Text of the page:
These plans are quite popular because of their ability to be sold right alongside the cruise. However, that doesn’t make them a good purchase. While convenient, these plans usually offer much lower coverage rates than traditional travel insurance, for a similar price. The one advantage that cruise line plans have is that they typically offer cancel for any reason coverage.
Royal Caribbean’s plan, for example, will reimburse you 75% of what you’ve paid for your cruise if you cancel for any reason. Regular travel insurance also has this sort of feature, but it’s typically an additional add-on (but will also cover other things like flight/hotel).
For these reasons, we suggest sticking with traditional travel insurance from a third-party instead of the policies offered by cruise lines.
What time period does the insurance cover?
While you should check with your specific insurance policy, they usually go into effect at midnight of the day after you purchase them. They then stay in effect until you return home from your trip.
Example: You buy cruise insurance at 6 p.m. on December 1 for a cruise that departs December 20 and returns December 27. Your coverage would be from in effect from midnight on December 2 until you return home from your cruise.
How do I Buy Cruise Insurance?
As mentioned earlier, if you are buying through the cruise line, you can purchase coverage at the same time that purchase your trip. You can also purchase at a later date by visiting the links below.
For third-party travel insurance, you can get a free quote and purchase directly through the provider. We’ve listed the major companies and their websites here:
For the best deal, we suggest using a site like InsureMyTrip.com. This site can search several different insurers at once so you can get multiple quotes, see how much your cruise insurance might cost, and everything that it covers. Get a free quote here.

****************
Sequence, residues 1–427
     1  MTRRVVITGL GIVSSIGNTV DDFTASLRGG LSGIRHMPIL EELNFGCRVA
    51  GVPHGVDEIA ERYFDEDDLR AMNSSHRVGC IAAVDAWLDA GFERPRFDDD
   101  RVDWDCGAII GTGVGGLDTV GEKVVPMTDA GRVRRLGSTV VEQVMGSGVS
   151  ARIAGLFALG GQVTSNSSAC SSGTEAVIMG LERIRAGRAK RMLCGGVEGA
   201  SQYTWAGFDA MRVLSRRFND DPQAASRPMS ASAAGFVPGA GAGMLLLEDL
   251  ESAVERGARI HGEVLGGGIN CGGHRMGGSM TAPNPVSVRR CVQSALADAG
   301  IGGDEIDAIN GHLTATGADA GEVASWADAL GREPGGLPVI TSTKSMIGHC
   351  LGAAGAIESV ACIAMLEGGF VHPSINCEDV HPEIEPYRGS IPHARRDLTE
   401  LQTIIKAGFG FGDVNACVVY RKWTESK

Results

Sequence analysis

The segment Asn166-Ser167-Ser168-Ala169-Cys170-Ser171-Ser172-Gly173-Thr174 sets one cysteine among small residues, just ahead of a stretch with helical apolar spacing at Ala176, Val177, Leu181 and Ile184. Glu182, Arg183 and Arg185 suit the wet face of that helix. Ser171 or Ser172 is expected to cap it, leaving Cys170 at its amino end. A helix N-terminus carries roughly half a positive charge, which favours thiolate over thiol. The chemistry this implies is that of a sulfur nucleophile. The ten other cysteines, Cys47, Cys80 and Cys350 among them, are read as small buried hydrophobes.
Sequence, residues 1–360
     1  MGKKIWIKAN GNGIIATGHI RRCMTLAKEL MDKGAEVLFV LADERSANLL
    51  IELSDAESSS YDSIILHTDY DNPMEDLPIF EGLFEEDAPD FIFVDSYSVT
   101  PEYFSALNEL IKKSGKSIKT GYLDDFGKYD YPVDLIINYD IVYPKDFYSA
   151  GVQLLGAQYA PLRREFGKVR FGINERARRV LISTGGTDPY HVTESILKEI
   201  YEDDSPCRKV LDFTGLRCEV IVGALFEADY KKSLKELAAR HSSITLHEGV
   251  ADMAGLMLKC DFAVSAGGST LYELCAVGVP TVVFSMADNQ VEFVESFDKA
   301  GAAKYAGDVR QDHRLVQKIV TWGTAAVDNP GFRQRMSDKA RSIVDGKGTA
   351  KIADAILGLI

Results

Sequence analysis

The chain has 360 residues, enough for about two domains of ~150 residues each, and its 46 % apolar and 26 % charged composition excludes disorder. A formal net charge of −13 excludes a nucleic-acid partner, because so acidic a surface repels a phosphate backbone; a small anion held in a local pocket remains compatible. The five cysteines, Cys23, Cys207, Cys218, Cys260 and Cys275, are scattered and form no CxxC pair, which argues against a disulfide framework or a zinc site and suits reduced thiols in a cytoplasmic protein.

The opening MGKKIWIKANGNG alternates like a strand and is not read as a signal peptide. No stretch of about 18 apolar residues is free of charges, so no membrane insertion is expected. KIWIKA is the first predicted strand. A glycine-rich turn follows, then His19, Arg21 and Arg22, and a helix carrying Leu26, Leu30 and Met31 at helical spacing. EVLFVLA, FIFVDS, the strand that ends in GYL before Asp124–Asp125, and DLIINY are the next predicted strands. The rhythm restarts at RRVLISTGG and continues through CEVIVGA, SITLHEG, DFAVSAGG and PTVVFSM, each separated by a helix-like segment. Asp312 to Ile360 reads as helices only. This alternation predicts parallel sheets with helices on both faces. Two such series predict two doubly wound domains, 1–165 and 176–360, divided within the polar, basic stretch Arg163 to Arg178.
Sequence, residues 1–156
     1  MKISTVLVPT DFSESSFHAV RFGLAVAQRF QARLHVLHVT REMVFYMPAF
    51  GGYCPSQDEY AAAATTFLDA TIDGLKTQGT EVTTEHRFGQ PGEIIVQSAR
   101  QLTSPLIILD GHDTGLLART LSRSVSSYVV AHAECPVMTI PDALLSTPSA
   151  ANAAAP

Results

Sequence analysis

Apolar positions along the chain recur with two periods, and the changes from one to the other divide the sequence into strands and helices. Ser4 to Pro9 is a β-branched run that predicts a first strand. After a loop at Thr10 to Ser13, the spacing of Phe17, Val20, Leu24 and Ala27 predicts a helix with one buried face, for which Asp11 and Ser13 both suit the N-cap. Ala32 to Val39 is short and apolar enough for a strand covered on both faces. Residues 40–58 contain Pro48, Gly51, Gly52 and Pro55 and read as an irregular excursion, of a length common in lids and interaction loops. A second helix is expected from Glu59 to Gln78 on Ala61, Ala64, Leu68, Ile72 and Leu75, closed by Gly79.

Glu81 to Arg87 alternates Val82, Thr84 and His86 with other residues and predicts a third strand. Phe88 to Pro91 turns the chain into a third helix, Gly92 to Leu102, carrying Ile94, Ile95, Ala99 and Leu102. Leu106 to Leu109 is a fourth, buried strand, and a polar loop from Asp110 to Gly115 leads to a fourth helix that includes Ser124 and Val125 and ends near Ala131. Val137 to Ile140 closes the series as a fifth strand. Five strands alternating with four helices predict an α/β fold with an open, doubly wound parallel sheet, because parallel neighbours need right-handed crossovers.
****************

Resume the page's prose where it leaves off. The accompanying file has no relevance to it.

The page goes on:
When should I buy cruise insurance?
The best time to buy is as soon as you’ve purchased your cruise. This allows you all the cancellation benefits immediately should something come up between the time you purchase and the time you actually travel.
One thing to note is that you can’t purchase after you already have an event that will lead to a loss. For example, say you get hurt in an accident that means you won’t be able to go on your vacation. You can’t purchase insurance and then try to be reimbursed for your trip. This is insurance fraud and the company won’t provide reimbursement.
How much does it cost?
Ah, the most important question. After all, every type of insurance is basically a bet between you and the insurance company whether something will happen on your trip.
Prices will vary based on company, trip length, cost, who is being covered, and the sort of coverage you choose. Most companies also offer different levels of plan that have different limits and thus, higher or lower prices.
As a general rule of thumb, traditional cruise insurance offered by a third-party will run about 5%-7.5% of your trip cost. So for a $5,000 trip, expect to pay around $250-$375 for coverage.
Should I buy cruise insurance?
If you want to have some peace of mind on your trip, then yes. However, the vast majority of cruise passengers will never use their insurance.
The problem is that for issues that do come up, the expenses can be large and unknown. For instance, there is no price list of having to be evacuated medically from a cruise ship. The cruise insurance offers valuable peace of mind.
If you do decide to purchase, we highly suggest that you shop around for prices and also read your plan carefully (comparing two or three of the most well-known providers). And while every cruise line strongly recommends purchasing some sort of insurance for your cruise, we don’t recommend purchasing insurance offered through them, as traditional plans offer better coverage for a similar price.
Get a free quote at the links below
Again, to find the best deal, we suggest using a site like InsureMyTrip.com. This site can search several different insurers at once so you can get multiple quotes, see how much your cruise insurance might cost, and everything that it covers. Get a free quote here.
Disclaimer: Cruzely.com is an affiliate with the travel insurers mentioned in the article above. We receive a small commission if you get a quote through the links included in this article at no extra cost to you.